Where Have All the Bullets Gone?
Ammunition shortages still raise questions
Since the day President Obama was elected, gun owners have been on an unprecedented buying spree, purchasing everything from .22 ammunition to every kind of semi-automatic firearm available.
Their fears are not unwarranted — especially because, for a while, the federal government seemed to be racing private owners to buy the ammo first.
Closer examination shows that some fears of federal activity on this front are overblown. Others, though, are deeply rooted in legitimate concerns.
While Obama claims to support “common-sense” gun laws, he has made high-profile public announcements telegraphing his anti-gun intentions and engaged in behind-the-scenes gun control — tweaking government regulations to deny gun rights to veterans, seeking the same for Social Security recipients, and using the ATF to ban certain types of popular ammo. Calling guns more dangerous than terrorism, Obama recently indicated he’ll devote the rest of his time as president to gun control.
Calling guns more dangerous than terrorism, Obama says he’ll devote the rest of his time as president to gun control.
But one event in particular fed fears of back-door government gun control: the unprecedented purchase of ammunition by the feds.
In early 2013, the Internet blazed with news that the Department of Homeland Security intended to purchase over 1.6 billion rounds of pistol and rifle ammunition. The order would fulfill DHS requirements for five years, reportedly. DHS has 55,471 employees authorized to carry firearms, which comes to about 5,800 rounds per year, per employee.
For perspective, during the first year of the war on terror, approximately 72 million rounds were expended in Iraq and another 21 million in Afghanistan — about 2,000 rounds per war fighter. Thus, giving DHS agents a much larger quota of 5,000 rounds did seem extreme.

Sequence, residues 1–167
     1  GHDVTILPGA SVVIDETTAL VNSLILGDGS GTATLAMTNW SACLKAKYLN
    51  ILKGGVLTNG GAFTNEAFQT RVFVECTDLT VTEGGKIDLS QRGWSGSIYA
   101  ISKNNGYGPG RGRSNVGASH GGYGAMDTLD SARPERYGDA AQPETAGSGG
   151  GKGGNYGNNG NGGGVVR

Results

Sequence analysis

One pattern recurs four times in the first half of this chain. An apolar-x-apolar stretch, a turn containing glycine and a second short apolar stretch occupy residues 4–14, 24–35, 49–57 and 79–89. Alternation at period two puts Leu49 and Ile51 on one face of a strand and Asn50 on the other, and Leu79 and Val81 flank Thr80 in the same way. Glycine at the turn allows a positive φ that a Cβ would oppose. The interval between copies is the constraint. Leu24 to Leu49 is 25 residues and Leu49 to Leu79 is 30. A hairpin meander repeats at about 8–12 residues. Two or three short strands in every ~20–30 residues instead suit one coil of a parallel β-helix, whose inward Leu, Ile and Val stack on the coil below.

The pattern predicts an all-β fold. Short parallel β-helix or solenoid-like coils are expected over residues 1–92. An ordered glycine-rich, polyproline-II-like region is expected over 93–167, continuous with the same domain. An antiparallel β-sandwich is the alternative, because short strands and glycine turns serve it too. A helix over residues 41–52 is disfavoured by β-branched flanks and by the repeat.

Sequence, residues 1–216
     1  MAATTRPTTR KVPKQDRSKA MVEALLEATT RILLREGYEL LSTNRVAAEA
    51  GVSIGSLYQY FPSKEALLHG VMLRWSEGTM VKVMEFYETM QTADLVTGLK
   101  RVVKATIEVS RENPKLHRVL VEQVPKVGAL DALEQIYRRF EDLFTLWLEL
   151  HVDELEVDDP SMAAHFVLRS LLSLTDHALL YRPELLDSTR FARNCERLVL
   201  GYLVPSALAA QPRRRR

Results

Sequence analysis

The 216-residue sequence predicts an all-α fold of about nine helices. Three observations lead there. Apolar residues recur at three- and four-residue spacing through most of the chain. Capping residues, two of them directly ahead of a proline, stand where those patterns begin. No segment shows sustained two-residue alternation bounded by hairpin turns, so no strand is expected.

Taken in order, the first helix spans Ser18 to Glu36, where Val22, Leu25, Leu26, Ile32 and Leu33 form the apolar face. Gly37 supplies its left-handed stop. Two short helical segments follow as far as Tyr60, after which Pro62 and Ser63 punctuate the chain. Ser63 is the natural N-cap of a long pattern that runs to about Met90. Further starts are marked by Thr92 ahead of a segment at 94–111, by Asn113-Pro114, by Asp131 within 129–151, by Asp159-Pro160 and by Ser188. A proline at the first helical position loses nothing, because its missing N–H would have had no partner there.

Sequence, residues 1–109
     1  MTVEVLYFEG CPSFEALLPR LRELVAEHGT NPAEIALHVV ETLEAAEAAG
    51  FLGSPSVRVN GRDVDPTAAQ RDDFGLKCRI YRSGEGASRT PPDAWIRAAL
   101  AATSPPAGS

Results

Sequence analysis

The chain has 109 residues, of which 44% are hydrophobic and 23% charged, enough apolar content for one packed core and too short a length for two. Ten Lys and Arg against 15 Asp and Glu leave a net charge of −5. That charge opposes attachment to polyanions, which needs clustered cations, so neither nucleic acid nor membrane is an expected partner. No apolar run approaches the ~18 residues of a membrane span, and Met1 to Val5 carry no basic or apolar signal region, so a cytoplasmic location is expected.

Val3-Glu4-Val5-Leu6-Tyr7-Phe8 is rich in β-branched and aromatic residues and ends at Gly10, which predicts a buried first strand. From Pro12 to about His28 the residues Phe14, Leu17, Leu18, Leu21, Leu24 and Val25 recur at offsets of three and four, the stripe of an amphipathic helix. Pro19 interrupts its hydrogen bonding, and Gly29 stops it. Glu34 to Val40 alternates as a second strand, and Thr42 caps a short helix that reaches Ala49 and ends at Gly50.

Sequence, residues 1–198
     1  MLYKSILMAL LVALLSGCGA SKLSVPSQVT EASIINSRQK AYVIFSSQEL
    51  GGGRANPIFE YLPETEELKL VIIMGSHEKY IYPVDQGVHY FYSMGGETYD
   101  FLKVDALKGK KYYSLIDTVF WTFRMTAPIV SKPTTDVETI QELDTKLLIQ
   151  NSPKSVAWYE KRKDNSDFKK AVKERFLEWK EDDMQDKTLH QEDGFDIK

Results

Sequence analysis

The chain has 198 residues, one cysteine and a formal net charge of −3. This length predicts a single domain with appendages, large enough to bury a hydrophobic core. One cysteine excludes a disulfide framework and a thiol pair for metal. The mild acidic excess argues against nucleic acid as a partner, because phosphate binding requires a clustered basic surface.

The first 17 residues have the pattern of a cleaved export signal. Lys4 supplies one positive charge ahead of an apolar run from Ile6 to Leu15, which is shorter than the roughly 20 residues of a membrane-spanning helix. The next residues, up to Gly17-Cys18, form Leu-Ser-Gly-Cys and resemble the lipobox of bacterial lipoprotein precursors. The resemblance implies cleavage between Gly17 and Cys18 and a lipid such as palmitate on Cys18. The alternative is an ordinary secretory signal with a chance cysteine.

Some people asserted the feds deliberately intended to dry up the private market for ammunition. Lawmakers demanded answers. Yet the overall requisition, in context, may not have been unreasonable.
The largest order, 750 million rounds, came from DHS’s Federal Law Enforcement Training Center (FLETC) for instruction purposes. Another 650 million rounds were slated for Inspections and Customs Enforcement, or ICE. FLETC public affairs director Peggy Dixon said at the time that the purchase request was “a ceiling. It does not mean that we will buy, or require, the full amounts of either contract.” FLETC in fact uses approximately 20 million training rounds per year, and overall, actual DHS purchases have declined continually since 2009. In 2014, DHS-planned purchases were 75.1 million rounds, down from 84.4 million in 2013.
But there was more. In 2012, the Social Security Administration published a requisition for 174,000 rounds of hollow point pistol ammo — a particularly lethal type and certainly not suited for target shooting. Why on earth would the SSA need it? For that matter, why does SSA need a police force, much less highly trained SWAT teams? Do they anticipate an armed revolt by elderly Social Security recipients upset with their latest cost of living increases? Do they fear an anti-government conspiracy launched over tepid coffee in the reading lounges of retirement communities across the country? Given Obama’s attitude toward the elderly (e.g. “Granny, take the pill”) they may have reason to fear.
Giving DHS agents a much larger quota of 5,000 rounds did seem extreme.
Again, though, many such purchases are based on a justifiable rationale — or at least justifiable for the size of the government we have. (Whether it should be that large in the first place is a very different question.)